Many analysts expressed anxiety about conspiracy theories regarding the RMG labour unrests in the past. The theory claims that the management of a factory agitates the workforce of its rival factory, with misinformation, to create unrest. However, a domestic conspiracy cannot be ruled out in our case, as unanimous unrest spread to almost all RMG factories. On the other hand, some foreign financed NGOs have also been blamed for instigating the workers, a plan allegedly masterminded by some regional competitors to paralyze the sector. Regardless, the evidence suggesting any domestic or external conspiracy is very weak. Labour unrests may reappear because of
intolerable inflation for low-income city
dwellers. When livelihoods suffer for lack of food, shelter and medicine, slogans like
‘owners -workers are brothers’ cannot sufficiently stop any unrest. In this regard, the factory owners need to tackle such unrest with kindness, to meet the justified demand of the workers.
The extent of our achievement in our RMG sector was not perceived in its beginning. The RMG-led export growth has transformed Bangladesh from a predominantly aid-dependent country to a largely trade-dependent nation. This RMG provided jobs to unskilled women, who might have otherwise been unemployed in any formal sector. Low cost of cheap labour is the only arsenal for survival and progress of this labour-intensive industry. Bangladesh has a comparative advantage on RMG over India. Due to a gradual increase in labour costs and appreciation of the currency, China has been losing its competitiveness as well. This would make our RMG a dominant industry in the world. Instabilities in our RMG industry, either from labour unrest or power shortage or policy barriers, are not expected anymore. Presently, the livelihood of 20 million people is directly or indirectly dependent on the garment sector through backward linkage and supportive industries. Any disturbance in the RMG sector would create repercussion everywhere in the rickety economy. In this regard, both the public and private sectors must come forward to solve any problems to flourish the unexplored potential of our RMG sector in the world.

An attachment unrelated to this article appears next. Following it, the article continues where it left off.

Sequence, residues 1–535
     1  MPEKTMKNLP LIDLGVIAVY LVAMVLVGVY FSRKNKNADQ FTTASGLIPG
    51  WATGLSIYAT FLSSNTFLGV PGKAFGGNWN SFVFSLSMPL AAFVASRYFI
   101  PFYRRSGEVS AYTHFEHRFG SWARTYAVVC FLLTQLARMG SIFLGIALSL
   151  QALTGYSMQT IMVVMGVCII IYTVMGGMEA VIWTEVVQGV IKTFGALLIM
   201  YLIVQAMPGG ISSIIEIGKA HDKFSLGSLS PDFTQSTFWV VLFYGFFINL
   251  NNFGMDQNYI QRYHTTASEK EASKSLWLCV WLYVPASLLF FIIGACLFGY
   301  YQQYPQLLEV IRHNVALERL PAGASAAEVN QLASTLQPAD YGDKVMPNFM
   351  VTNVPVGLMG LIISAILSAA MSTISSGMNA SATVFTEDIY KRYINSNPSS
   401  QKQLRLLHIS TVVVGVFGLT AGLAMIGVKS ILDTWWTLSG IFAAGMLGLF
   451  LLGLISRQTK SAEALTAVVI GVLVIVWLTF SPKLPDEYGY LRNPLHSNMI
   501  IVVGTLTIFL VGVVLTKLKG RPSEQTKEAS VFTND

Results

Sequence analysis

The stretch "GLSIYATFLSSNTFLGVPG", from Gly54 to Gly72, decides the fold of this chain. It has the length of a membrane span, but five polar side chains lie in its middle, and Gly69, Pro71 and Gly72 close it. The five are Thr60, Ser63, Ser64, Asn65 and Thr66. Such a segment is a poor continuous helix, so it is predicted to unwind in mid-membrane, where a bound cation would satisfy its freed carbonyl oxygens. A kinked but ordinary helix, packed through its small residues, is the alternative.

When we can envisage ‘Made in Bangladesh’, like another WalMart, such branding of RMG would offer benefits to the producers. There must not be a delusion among factory owners to become millionaires overnight. The government may strategically proceed by scrutinizing the wage policies of some leading factories, which will insist on creating wage-leadership, which would later be rationally followed by other factories. This is a very favourable time to promote branding of our RMG sector, as our main competitor China is expected to become an importer as part of its on-going shift to high-end products. In this regard, all the beneficiaries of the RMG industry, including government, must be pro-active and cooperate to mitigate all sorts of instability related to labour, power or conspiracy, to maintain a favourable export climate to ensure the branding of our Bangladesh.
Dr Aminul Islam Akanda is associate professor and chairman, Department of Economics, Comilla University. akanda_ai@hotmail.com.

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Branding Bangladesh through RMG

THE readymade garments industry of Bangladesh has grown, despite multifarious problems and challenges. The country has become the third largest Ready-Made Garments (RMG) exporter in the world, with... Full story